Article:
The dread “____ is in the hospital” call came in early February. I spent parts of that month on airplanes, doing bedside duty, and taking care of things away from home. A few long weekends disappeared from the calendar, and a bunch of stuff I’d wanted to get done either went *poof* or caused cascading delays. Meanwhile, other, smaller emergencies didn’t get the memo about waiting their turn. It’s taken most of March to get back on top of things.
If you have friends and family, at some point the same might happen to you. One moment your life is chugging along, and the next you’re sitting in a hospital keeping someone company, or just being there for them while they go through a miserable, painful experience.
One lesson from this is that it’s important to have a way to quickly contact people who may be expecting things from you, so that they can know you’ll be unavailable and can make alternate plans. A quick exercise is to list all of the things you’re involved in, and who might be left hanging if you had to suddenly disappeared. Do you have their contact info, or contact info for someone who can let other people know? Can you reach them if don’t have net access?
The other lesson has to do with flowers.
The florist industry has spent a lot of advertising money conditioning us to send flowers when someone we’re close to goes into the hospital. From what I’ve seen hanging around a large hospital, that advertising paid off. Arrangements too large for one person to carry getting wheeled in; Roses and daisies by the dozens; a large, heavily tattooed Yakuza wannabe carrying a dainty little arrangement in a tiny vase for his sick mother.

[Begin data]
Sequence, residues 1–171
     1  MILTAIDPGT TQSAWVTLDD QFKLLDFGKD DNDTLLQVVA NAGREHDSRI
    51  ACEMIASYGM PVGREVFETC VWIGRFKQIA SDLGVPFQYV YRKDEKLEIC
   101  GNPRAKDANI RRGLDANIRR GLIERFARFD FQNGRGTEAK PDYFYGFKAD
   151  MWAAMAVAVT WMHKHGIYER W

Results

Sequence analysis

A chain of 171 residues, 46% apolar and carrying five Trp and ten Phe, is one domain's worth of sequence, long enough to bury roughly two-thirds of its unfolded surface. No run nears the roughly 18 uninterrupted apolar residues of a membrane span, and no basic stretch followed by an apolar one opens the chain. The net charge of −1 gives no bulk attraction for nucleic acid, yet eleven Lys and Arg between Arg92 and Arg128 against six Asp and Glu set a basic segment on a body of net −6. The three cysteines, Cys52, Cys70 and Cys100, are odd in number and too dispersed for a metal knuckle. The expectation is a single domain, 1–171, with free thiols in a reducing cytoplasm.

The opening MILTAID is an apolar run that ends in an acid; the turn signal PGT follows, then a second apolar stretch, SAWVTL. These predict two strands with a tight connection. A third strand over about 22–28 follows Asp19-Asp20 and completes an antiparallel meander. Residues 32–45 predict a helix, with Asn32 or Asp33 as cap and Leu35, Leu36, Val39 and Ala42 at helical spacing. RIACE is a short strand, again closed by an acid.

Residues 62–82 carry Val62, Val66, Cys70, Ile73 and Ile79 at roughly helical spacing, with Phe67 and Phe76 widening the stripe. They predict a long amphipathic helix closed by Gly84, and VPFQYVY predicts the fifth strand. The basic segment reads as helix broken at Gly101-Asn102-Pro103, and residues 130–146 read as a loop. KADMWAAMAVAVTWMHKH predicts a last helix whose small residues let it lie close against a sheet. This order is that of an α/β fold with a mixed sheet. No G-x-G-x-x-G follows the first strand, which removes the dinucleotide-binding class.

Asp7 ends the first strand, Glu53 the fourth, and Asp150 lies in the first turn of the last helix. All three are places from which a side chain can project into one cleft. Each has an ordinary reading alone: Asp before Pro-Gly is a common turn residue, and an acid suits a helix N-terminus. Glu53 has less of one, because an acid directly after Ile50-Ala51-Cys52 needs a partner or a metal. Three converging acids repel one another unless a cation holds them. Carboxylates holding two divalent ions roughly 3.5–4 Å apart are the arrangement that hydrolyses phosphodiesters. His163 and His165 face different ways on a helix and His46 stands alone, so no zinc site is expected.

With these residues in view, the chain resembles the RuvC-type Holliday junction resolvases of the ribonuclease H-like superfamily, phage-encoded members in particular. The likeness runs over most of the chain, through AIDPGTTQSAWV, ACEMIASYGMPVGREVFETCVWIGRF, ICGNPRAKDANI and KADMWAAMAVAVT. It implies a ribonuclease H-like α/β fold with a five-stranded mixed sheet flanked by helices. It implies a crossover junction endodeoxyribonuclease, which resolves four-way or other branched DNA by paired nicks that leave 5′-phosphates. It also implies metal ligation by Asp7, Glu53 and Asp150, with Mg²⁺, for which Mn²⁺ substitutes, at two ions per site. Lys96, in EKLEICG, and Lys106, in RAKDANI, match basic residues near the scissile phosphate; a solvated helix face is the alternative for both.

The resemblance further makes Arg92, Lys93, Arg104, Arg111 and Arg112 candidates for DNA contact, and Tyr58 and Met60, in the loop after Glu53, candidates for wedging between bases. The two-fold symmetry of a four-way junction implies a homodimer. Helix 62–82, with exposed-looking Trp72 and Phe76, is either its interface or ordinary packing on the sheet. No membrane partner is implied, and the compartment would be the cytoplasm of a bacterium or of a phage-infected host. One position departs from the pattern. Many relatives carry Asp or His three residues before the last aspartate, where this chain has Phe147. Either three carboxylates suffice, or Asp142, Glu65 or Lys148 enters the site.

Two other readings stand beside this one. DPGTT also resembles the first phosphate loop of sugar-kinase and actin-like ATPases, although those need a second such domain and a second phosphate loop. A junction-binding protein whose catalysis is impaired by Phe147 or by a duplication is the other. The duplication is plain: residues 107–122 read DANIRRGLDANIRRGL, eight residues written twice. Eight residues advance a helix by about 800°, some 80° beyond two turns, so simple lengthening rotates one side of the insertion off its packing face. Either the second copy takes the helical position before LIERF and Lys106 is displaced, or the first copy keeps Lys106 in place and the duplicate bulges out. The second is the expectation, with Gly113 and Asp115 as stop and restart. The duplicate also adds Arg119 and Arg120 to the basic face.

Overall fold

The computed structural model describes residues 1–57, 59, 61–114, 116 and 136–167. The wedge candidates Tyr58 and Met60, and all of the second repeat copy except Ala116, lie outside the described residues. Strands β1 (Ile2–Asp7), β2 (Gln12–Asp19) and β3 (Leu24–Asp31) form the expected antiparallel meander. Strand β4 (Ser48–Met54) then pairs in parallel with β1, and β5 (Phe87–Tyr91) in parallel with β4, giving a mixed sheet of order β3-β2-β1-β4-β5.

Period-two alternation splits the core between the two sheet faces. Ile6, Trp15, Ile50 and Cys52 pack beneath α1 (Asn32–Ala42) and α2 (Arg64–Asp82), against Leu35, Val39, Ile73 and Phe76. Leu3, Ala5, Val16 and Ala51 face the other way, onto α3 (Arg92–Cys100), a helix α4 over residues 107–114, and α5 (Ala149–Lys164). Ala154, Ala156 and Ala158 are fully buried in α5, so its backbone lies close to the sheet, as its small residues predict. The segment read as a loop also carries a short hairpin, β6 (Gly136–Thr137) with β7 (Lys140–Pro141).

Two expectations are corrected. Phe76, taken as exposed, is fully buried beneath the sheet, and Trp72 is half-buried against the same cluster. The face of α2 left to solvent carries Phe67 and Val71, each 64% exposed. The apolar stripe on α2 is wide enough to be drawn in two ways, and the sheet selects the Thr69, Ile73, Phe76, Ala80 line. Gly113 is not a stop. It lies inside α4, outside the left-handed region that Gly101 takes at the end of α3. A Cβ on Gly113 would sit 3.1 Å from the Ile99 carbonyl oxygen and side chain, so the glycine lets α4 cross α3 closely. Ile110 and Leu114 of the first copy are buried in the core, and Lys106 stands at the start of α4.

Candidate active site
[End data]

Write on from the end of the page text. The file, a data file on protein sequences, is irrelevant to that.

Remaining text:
There are at least three problems here.
First, there’s not a lot of room in many hospital rooms. Surface space is at a premium. There’s no place for the flowers to go that doesn’t displace something else, and often that something else is medical. So expensive arrangements end up on the floor in the corner, out of the patient’s sight.
Second is the issue of pollen and smell. You’d think that people (or florists) would know not to send a mass of allergens into confined places where people might be having, say, respiratory problems. But it happens. And you don’t want the patient going into a sneezing fit when they’re hooked up to a bunch of tubes, or when they’re in traction. And we link smells to events. It isn’t nice to associate the smell of, say, roses with having an IV needle changed and being woken up at all hours for blood pressure checks.
Third is the “no flowers” policy in some wards that will leave you stuck with a bill for flowers that the florist couldn’t deliver, or which a nurse immediately redirected to a trash can outside. An expensive gesture, wasted.
So when someone you love goes into the hospital, think twice about sending flowers. If you can, coordinate and send one small, neutral arrangement. Cards are good. Send cards.